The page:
said top door attached and hinged at the bottom on the upper portion of a forward and downward angled portion of said lower and extended front portion of said inclined outgoing mail tray compartment, and secured at the top by a magnetic strip attached horizontally to the upper inside portion of said top door, thus latchable against the outer upper edge of said front frame;
a mail storage and retrieval area comprising substantially, the lower half area of said mailbox;
a vertical bottom door, contiguous to and directly below said top door, enclosing said mail storage and retrieval area of said mailbox;
said bottom door attached and hinged at the lower edge of said door with a horizontal hingeable rod secured at each end through holes in the lower front sides of said mailbox;
said bottom door is secured at the top with an outdoor mailbox utility lock at the center upper portion of said bottom door, underneath said downward angled lower extended front portion of said inclined outgoing mail tray compartment and secured behind said cross-member of said front frame.
3. The mailbox according to claim 1 wherein said inclined outgoing mail tray compartment is attached to said front frame whereby said front frame and said inclined outgoing mail tray compartment are attached to said forward portion of said outer housing, as a unit.
4. The mailbox according to claim 1 wherein the top surface of said inclined outgoing mail tray compartment provides said mail chute for incoming mail to slide into said mail storage and retrieval area inside the lower portion of said mailbox.
5. The mailbox according to claim 1 wherein said inclined outgoing mail tray compartment provides protection against outgoing mail being ejected by wind.
6. The mailbox according to claim 2 wherein said top door is attached and hinged at the bottom upon the downward angled lower extended front portion of said inclined outgoing mail tray compartment, said lower extended front portion of said inclined outgoing mail tray compartment is contiguous and sufficiently angled downward, and extended outward to provide a weather and security shield for said bottom door and said mail storage and retrieval area.
7. The mailbox according to claim 2 wherein said bottom door is secured at the top with said outdoor mailbox utility lock at the center upper portion of said bottom door, is secured by said lock, latched underneath and behind said cross-member of said front frame, thus protecting said bottom door from prying, theft and weather by said downward angled lower extended front portion of said inclined outgoing mail tray compartment.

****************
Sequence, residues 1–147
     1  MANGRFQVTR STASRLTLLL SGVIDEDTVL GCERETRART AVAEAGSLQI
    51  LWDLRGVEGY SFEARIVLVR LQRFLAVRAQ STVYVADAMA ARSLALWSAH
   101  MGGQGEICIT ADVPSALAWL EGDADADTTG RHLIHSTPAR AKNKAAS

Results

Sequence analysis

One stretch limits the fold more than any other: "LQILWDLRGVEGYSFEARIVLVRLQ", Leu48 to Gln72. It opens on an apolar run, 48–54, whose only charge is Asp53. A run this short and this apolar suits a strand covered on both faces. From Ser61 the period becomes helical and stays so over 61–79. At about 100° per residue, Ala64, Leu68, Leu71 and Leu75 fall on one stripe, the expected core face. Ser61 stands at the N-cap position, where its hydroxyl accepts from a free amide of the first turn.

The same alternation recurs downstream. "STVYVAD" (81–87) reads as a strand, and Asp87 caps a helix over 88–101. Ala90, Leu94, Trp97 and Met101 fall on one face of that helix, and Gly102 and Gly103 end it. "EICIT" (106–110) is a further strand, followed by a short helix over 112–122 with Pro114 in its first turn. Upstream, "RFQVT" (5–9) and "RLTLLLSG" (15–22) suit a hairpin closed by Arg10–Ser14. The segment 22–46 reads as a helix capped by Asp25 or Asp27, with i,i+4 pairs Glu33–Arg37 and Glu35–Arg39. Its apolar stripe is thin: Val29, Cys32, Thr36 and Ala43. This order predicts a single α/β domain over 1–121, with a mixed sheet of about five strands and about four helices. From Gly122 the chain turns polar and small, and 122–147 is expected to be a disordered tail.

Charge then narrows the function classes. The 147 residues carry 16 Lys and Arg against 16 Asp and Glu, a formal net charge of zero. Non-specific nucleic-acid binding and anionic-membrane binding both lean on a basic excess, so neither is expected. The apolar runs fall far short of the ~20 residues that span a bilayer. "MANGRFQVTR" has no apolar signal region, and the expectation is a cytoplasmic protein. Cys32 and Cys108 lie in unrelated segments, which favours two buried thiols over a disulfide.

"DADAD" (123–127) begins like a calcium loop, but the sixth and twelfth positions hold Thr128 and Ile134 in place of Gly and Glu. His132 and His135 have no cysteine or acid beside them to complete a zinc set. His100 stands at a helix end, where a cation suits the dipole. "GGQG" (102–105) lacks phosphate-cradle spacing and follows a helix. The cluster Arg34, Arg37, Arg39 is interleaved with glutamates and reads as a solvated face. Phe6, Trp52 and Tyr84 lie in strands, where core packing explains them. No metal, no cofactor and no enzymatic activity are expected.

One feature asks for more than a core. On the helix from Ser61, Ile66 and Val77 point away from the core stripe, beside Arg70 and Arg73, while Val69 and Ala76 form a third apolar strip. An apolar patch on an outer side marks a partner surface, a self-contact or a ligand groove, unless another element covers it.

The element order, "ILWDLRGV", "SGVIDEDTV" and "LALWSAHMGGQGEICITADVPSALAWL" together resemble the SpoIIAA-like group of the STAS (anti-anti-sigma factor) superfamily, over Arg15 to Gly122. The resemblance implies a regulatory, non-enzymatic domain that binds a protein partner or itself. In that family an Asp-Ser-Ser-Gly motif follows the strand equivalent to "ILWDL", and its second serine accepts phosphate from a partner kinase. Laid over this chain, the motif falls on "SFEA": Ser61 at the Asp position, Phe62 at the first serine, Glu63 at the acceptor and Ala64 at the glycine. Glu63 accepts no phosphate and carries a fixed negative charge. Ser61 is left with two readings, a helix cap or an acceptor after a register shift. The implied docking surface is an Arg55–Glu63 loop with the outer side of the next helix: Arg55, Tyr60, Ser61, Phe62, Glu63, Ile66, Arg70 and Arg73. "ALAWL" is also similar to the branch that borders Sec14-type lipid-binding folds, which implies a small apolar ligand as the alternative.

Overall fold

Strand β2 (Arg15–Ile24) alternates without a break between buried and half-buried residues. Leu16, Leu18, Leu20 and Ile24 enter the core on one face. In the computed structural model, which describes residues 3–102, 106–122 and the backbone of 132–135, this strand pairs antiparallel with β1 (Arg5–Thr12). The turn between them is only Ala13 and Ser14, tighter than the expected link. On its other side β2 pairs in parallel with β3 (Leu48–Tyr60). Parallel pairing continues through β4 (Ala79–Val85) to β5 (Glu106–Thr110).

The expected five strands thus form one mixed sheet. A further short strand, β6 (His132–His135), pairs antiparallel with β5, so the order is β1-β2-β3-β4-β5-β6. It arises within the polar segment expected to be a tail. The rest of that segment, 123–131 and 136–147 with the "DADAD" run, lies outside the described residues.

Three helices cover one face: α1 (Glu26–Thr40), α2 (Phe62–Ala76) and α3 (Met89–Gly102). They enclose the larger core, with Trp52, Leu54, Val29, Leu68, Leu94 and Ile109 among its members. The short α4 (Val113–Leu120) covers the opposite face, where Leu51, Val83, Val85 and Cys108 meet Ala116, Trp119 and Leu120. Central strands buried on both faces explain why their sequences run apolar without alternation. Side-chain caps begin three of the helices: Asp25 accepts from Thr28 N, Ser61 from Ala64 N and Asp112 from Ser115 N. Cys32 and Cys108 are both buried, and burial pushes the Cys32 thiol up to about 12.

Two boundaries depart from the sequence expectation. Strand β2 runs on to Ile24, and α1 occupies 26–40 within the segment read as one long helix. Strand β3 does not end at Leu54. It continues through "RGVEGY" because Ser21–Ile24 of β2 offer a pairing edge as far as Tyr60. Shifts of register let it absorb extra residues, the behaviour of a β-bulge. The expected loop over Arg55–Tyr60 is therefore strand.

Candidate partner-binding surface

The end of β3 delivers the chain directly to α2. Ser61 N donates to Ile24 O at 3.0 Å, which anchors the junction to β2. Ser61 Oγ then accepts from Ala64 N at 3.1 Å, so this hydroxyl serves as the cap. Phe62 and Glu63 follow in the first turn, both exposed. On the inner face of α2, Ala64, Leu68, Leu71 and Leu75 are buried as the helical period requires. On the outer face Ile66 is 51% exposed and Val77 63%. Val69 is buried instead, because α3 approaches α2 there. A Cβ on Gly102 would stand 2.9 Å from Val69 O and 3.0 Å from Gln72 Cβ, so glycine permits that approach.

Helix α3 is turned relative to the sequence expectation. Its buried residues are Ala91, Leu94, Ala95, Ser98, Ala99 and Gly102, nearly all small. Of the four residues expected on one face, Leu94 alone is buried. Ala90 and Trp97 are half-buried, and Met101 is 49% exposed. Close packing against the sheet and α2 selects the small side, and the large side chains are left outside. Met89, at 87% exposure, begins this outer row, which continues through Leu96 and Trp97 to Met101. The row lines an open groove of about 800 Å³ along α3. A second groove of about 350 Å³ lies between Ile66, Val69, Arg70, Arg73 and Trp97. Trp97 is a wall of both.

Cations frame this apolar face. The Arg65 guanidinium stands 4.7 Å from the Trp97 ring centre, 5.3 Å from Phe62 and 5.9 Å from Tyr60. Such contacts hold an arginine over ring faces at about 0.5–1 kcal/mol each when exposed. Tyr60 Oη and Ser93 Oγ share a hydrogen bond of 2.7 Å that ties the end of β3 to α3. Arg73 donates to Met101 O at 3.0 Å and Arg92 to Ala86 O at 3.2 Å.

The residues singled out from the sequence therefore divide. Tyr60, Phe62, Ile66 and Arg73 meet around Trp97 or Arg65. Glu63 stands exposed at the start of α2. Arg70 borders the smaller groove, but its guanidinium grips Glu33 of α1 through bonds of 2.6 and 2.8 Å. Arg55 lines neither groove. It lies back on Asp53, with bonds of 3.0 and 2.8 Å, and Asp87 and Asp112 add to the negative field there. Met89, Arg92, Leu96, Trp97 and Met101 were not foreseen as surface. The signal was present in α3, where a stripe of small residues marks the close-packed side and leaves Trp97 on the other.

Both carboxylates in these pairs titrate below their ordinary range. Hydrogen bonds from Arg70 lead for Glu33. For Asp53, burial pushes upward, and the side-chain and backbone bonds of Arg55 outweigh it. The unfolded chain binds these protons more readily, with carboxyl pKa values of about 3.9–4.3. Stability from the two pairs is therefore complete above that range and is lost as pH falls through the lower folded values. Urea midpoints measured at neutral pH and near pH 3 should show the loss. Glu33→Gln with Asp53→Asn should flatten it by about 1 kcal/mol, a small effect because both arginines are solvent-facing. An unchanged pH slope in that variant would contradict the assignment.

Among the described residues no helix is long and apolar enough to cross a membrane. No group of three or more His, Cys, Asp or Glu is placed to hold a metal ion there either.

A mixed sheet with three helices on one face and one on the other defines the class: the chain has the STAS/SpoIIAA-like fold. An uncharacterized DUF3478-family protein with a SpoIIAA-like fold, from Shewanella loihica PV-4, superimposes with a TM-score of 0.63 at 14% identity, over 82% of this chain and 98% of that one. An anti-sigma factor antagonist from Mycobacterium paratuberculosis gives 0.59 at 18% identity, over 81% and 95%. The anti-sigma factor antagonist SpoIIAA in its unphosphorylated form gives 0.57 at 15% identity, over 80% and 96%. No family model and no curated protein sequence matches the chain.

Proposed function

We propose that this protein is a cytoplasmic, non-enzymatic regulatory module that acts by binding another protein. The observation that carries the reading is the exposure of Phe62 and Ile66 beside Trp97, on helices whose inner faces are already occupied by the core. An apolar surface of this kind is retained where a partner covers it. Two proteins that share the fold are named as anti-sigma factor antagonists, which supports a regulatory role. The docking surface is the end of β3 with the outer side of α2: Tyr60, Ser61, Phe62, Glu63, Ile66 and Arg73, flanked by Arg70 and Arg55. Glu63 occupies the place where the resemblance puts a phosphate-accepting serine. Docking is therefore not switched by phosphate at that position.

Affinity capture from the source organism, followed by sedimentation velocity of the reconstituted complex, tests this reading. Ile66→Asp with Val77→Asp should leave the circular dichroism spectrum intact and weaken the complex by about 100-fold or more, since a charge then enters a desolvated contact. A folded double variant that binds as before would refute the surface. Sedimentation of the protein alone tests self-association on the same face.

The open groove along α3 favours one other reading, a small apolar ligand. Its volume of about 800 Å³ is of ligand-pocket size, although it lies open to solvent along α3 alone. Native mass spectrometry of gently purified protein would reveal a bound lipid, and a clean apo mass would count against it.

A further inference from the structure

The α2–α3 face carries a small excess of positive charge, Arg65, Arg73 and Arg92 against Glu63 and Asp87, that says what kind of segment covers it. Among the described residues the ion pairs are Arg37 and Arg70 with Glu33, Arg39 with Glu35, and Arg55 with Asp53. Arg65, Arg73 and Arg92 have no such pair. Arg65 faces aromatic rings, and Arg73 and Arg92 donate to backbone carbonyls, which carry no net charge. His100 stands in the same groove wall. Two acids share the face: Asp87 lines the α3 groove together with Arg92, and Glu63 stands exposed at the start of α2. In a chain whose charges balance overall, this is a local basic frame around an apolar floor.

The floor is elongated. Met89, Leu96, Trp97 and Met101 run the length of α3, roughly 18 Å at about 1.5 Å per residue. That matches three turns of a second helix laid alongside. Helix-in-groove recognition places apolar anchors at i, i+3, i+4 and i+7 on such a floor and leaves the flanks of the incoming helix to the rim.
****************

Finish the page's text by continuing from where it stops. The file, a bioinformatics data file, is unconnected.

8. The mailbox according to claim 2 wherein said horizontal mail storage and retrieval area of said mailbox is of sufficient size and capacity to adequately store several weeks of unretrieved mail.
9. The mailbox according to claim 1 wherein said conveniently contiguous areas for incoming, outgoing mail, mail storage and retrieval are accessed from substantially the same vertical level, are closely combined for the convenience of operation by both the mail carrier and mail customer.
Description
SUMMARY

The letter locker mailbox assembly is designed, engineered and manufactured for either residential or commercial curbside mail delivery. It has been invented to provide the best overall mailbox for ease of operation for the mail carrier and the owner, and the best overall mailbox for resistance against weather, theft and vandalism. The only mailbox assembly of it's kind, complete with a prefabricated concrete anchor.

1. Constructed of 14 and 16 gauge rust-free steel. All exterior and interior surfaces are powder coated for a durable finish against all weather conditions. Construction secured primarily by stitch and solid welds.

2. Constructed with a minimum of parts and hardware. The top door covers the incoming mail chute and the outgoing mail tray. It is designed for the ease of the carrier, and the purchaser, in such case the purchaser forgets to put the outgoing flag in the up position. The top door is secured by a full length magnetic strip latch for ease of operation and durability.

3. The incoming mail slot and chute drops into a large mail receiving compartment below. The opening of the mail slot, and the length of the mail chute will not allow anyone to reach in and steal mail. The mail receiving compartment below is secured by a locked door which can only be opened by the owner. The receiving compartment is of sufficient size to receive large quantities of mail for business owners, or for residential owners who may be away on vacation.

4. Construction of the one piece top and sides of the letter locker mailbox provides a weather shield hood for the entire face of the mailbox.

5. The pedestal post for the letter locker mailbox is constructed of 1/16" wall 4" round steel tubing, welded to 10 gauge steel top and base brackets, bent along the long sides for additional strength. The top bracket is secured by heavy bolts to the base of the mailbox. The base bracket is secured by heavy concrete anchor bolts in the prefabricated concrete anchor, or drilled and wedge anchored in existing concrete.

The letter locker mailbox is "the better mouse trap" of mailboxes. The inventor has been the sole proprietor a business of sales, installations, custom construction, service and repair of nearly every kind of residential and commercial mail handling equipment on the market for 5 years. The letter locker mailbox is a unique and complete assembly of mailbox, pedestal post and concrete anchor. A lifetime and affordable mailbox assembly.

DESCRIPTION OF DRAWINGS